On August 30, 2009, the Southern California Chapter of the ION held a meeting, hosted by NavCom in Torrance, CA. 28 people were attendance to listen to a presentation by Slobodan Nedic. A short biography and abstract of the presentation follows, and the slides used during the meeting are attached.
Capsule Biography of Slobodan Nedic:
Slobodan Nedic is an independent consultant in communications and GPS technologies. He received the BS and MS degrees in EE from Belgrade University in 1974 and 1980, respectively. During the academic year 1981/82 he was a guest researcher at the Technische Hochschule in Darmstadt, Germany. There, he was investigating delay-spread and impulse noise resistance of time- and frequency-domain differential PSK in the context of OFDM. Most of his career was spent with the Michael Pupin Institute in Belgrade working on telephone and HF voice-band modem design and production.
He has been with NEC (NEC C&C Central Research Laboratory in Kawasaki, Japan and the NEC Research Laboratory in Princeton, NJ), working on R&D of DAB, cellular and H/ADSL systems. His latest full-time job was with the SiRF Technology Systems Group in Santa Ana, CA, where he worked on dual antenna indoor GPS reception, excision-based anti-jamming, and urban canyon multipath mitigation.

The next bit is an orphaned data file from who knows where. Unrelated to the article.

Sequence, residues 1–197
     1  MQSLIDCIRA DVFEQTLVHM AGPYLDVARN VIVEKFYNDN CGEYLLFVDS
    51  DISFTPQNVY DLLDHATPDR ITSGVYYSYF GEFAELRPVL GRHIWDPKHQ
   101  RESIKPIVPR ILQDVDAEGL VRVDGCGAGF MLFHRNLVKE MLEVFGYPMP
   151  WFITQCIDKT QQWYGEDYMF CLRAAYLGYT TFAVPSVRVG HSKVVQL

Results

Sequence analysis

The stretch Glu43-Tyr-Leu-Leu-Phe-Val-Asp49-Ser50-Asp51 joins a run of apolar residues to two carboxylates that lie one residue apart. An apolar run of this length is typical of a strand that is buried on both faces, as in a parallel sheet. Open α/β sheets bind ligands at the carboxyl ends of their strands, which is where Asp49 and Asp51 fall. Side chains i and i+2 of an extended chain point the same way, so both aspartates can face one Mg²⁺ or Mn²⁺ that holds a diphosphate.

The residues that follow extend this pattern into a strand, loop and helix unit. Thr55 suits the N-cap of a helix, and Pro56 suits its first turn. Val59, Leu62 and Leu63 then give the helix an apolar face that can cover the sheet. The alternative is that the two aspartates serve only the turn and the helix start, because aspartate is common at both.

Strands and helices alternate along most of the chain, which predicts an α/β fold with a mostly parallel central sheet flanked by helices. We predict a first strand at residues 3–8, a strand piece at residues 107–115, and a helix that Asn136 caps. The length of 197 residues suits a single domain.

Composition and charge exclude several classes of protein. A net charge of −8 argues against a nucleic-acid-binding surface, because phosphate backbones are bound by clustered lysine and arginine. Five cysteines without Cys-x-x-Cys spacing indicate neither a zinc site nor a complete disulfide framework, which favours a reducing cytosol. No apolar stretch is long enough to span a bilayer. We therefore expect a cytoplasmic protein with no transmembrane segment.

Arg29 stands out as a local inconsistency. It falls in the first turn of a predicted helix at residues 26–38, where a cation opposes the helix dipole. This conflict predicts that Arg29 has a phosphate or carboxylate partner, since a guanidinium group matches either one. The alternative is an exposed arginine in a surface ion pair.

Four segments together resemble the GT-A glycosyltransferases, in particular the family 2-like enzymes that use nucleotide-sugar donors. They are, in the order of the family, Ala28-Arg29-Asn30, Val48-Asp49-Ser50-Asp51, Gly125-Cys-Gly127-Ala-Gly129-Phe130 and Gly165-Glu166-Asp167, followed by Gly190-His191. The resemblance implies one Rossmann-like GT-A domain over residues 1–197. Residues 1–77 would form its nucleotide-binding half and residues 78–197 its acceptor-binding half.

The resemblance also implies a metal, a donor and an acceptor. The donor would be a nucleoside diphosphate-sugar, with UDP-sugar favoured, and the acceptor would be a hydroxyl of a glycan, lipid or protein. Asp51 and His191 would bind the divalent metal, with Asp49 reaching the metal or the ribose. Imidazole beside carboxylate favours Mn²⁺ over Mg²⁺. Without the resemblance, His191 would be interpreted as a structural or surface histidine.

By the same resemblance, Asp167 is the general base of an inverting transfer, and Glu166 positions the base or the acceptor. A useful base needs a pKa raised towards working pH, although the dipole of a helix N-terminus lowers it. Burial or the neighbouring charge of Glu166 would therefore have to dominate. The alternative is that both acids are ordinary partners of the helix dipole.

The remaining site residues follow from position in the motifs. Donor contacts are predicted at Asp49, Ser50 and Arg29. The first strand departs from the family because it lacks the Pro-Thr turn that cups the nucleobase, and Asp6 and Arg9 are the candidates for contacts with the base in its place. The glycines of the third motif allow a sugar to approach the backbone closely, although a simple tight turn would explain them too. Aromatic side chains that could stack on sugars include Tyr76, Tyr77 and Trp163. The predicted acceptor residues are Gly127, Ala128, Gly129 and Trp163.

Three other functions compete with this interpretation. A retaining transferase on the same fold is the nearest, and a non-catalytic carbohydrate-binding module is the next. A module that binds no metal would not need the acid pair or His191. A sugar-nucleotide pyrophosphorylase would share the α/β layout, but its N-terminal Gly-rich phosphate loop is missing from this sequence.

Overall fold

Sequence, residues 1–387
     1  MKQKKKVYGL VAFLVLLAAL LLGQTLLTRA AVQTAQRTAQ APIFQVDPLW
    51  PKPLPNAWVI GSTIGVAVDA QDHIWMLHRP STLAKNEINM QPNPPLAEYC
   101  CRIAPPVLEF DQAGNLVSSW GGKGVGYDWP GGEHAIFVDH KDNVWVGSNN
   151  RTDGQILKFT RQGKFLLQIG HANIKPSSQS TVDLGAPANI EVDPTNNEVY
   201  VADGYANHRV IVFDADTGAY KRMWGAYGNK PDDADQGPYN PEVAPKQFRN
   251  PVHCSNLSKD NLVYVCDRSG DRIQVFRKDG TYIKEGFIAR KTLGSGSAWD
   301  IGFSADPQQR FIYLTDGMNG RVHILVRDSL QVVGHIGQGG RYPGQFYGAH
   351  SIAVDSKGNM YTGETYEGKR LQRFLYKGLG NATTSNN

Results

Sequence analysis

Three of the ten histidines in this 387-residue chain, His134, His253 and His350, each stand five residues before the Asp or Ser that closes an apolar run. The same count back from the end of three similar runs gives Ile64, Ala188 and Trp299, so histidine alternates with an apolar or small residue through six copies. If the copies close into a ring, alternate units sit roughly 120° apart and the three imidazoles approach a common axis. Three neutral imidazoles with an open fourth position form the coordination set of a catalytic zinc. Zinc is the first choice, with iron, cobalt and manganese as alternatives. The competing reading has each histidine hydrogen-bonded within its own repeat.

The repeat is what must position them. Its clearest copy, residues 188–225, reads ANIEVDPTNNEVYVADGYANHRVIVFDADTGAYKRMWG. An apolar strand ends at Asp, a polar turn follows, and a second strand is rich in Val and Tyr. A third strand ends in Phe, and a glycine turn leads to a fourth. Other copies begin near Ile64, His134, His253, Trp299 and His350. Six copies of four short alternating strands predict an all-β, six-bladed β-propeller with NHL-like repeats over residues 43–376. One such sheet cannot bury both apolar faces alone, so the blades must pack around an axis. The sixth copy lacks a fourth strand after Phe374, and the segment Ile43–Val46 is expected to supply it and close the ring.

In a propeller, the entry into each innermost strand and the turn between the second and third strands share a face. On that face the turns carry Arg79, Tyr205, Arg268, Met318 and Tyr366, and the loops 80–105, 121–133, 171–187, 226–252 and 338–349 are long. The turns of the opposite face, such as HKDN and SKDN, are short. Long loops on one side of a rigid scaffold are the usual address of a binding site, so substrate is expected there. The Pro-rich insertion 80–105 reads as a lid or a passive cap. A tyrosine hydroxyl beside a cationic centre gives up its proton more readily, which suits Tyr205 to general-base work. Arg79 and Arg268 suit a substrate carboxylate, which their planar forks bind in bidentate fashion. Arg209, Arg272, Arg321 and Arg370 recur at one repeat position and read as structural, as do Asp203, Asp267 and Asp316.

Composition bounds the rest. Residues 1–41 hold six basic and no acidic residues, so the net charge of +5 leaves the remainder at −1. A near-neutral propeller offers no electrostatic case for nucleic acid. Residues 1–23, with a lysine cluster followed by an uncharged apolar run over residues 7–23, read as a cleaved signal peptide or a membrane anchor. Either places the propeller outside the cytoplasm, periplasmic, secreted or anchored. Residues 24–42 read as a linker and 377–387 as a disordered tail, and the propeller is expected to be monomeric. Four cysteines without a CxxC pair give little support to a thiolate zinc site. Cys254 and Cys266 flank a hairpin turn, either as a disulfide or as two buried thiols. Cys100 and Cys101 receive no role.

He has consulted for NEC, ASTRI, Airvana and Boeing on 4G system accessing formats, MIMO VDSL system, evaluation of WiMAX technology and GPS retransmission systems, respectively.
Abstract of Mr. Nedic’s Talk:
Slides: On GPS/GNSS Signal Multipath Modeling in Dynamic Environments
This presentation scrutinizes the traditionally used multi-path modeling, noting its failure to capture propagation mechanisms of importance for GPS receiver operations in dynamic environments. An enhanced multipath model is proposed that directly extends the LOS signal propagation model. The crucial point is that the total delay encountered in reception of a SV transmitted code is a sum of instantaneous physical delays and accumulated code delay due to the ‘code Doppler’. The result is that in some situations the correlation peak pertaining to a multipath signal may be measured before the LOS one. This situation is qualitatively and quantitatively evaluated for a simplified scenario of an aligned array of transmitter, reflector and receiver, with the latter two in relative motion. The lessons learned from an experiment conducted to provide the experimental proof for such an effect are provided, and the model is further applied to a set of processed IF samples to explain peculiarities of some urban environment measurements. A suggestion is made of the origin of partially unexplained multipath components obtained by high resolution measurements in data collected in aviation landing measurements